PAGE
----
Diagnostic test results, including blood tests, inform of over 70 percent of medical decisions, and 50 percent of the information in the average medical chart comes from laboratory data. Although a blood test appear simple and straight forward, the actual diagnostic process is quite complex. It requires specialized equipment and technicians, and samples need to be prepared and results verified, requiring a trained lab professional. The complex process can delay medical decisions, and developing point-of-care diagnostics could reduce health care costs, make care more convenient and improve patient outcomes.
The Cleveland, Ohio-based startup Apollo Medical Devices is developing a blood testing technology that give results in five minutes from a single drop of blood. The test measures glucose levels and electrolyte levels, and the startup hopes to expand its technology to over 25 additional tests. The proprietary platform consists of a portable analyzer, a handheld device with a touchscreen, and a disposable microfluidic-based sensor cartridge. The single drop of blood is placed directly onto the cartridge, and is ready for analysis in seconds. The cartridge is then placed into the analyzer and results are ready within five minutes, eliminating the need for expensive equipment and complicated protocols.
The startup and their innovative technology is in a unique position and could potentially transform healthcare. As we are experiencing an aging population, more chronic diseases and rising healthcare costs, the technology could improve efficacy and cost-effectiveness while reducing the overall burden of disease. The portable analyzer and its fast return of results lead to more timely treatment, giving it a huge advantage in emergency care. Not to mention its potential in primary care settings where it not only provide a diagnosis, but also could decide on drug dosage, assess efficacy of treatment, and monitor compliance. It not only enable faster decision-making while lowering healthcare costs, but lead to better patient care and outcomes.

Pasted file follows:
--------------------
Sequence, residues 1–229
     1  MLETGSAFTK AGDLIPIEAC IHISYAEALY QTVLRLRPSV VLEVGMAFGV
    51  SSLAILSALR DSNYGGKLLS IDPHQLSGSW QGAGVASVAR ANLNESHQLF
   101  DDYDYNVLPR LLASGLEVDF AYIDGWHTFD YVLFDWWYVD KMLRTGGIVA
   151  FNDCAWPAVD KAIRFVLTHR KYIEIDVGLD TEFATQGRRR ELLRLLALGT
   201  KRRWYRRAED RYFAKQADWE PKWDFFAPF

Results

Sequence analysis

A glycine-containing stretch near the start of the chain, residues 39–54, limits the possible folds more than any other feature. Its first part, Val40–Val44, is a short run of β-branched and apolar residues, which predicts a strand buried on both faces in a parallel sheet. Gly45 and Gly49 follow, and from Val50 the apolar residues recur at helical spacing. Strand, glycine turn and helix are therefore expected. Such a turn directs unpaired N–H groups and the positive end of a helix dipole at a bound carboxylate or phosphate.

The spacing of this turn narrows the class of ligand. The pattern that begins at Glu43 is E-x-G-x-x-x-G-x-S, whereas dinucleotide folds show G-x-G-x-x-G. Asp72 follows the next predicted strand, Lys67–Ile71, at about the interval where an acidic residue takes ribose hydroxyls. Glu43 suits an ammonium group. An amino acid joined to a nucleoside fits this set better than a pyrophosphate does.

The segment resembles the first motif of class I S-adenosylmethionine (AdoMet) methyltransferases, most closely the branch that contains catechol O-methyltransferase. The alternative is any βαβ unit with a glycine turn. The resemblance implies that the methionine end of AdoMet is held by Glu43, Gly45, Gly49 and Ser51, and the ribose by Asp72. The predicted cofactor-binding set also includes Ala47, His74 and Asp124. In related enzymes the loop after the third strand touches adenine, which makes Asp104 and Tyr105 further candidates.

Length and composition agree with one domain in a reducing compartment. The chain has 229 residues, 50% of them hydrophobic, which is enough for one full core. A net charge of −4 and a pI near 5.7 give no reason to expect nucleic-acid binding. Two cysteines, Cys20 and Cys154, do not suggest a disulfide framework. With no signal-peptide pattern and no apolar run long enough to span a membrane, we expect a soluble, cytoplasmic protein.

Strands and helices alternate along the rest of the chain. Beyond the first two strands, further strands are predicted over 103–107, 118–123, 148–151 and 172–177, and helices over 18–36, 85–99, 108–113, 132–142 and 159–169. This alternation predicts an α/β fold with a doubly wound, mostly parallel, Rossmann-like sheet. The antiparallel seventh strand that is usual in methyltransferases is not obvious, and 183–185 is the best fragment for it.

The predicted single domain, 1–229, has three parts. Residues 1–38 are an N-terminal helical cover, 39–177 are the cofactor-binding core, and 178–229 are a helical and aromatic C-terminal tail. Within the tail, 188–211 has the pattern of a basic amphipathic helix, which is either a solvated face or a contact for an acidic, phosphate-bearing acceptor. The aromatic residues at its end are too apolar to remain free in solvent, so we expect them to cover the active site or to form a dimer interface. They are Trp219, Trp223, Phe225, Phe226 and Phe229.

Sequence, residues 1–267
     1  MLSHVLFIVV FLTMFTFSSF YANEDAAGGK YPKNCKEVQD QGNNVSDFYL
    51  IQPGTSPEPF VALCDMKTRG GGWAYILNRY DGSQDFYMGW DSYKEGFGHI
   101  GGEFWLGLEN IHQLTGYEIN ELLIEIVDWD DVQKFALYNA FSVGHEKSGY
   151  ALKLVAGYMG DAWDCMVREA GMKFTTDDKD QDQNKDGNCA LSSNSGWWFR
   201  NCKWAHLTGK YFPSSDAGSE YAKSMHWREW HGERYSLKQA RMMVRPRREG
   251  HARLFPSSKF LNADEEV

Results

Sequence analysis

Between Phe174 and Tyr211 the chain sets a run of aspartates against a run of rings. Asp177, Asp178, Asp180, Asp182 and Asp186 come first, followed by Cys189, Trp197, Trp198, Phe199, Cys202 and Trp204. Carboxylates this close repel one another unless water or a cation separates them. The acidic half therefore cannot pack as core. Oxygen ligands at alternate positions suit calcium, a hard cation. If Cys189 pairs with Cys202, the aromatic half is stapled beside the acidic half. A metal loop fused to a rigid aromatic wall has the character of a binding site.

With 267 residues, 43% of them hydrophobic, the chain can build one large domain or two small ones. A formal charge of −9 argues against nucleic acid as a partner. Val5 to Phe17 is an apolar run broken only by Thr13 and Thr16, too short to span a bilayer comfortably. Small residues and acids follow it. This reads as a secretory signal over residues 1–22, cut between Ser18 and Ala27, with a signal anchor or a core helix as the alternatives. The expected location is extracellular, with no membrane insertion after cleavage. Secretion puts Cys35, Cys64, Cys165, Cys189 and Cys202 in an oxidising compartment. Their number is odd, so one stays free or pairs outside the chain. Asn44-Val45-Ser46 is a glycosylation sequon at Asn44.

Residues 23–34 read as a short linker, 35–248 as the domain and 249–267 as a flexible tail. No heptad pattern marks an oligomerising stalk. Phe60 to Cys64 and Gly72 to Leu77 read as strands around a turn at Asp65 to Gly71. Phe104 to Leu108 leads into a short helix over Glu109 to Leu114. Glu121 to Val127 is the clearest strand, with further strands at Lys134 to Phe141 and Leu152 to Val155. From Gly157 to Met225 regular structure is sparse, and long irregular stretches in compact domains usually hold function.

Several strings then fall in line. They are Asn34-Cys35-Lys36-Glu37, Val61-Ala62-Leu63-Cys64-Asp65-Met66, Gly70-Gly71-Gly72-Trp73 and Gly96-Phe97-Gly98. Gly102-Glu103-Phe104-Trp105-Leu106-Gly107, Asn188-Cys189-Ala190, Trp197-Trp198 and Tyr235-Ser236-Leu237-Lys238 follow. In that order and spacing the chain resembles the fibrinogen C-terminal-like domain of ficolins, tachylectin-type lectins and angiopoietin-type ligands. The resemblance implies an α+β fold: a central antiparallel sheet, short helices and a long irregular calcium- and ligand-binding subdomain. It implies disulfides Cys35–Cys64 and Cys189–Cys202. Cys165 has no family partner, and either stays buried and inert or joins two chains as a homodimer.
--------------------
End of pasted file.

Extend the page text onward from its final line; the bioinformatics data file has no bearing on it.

The system is specifically designed to minimize the training required for use, and could therefore play a major part in increasing access to care. Existing diagnostics usually requires sophisticated infrastructure, expensive reagents, long assay times and highly trained personnel, which is not often available in limited resource settings. The inability to develop diagnostics tools that overcome these challenges has had catastrophic consequences on the response to both communicable and non-communicable diseases in developing countries. This highlight the technology’s huge potential in both public health, and preventing outbreaks and epidemics.
Apollo Medical Devices’ vision and technology has not gone unnoticed and they have received support from a number of organizations. Both JumpStart and Northeast Ohio Student Venture Fund have invested in the startup, and they have received a grant of $100k from the state of Ohio Third Frontier and $125k from GLIDE’s innovation fund. In addition, the startup was awarded a $125k loan from Cuyahoga county through their North Coast Opportunity Fund.
The startup was founded by Punkaj Ahuja after working on the technology as a biomedical engineering PhD student at Case Western Reserve University. The university has also allowed the startup to use their makerspace Think[Box]. Today they have seven full time employees and are renting lab space at BioEnterprise where they now are able to produce hundreds of disposable cartridges per day. So far, they have done proof-of-concept studies with excellent results, and are expecting to begin clinical trials in the spring 2017.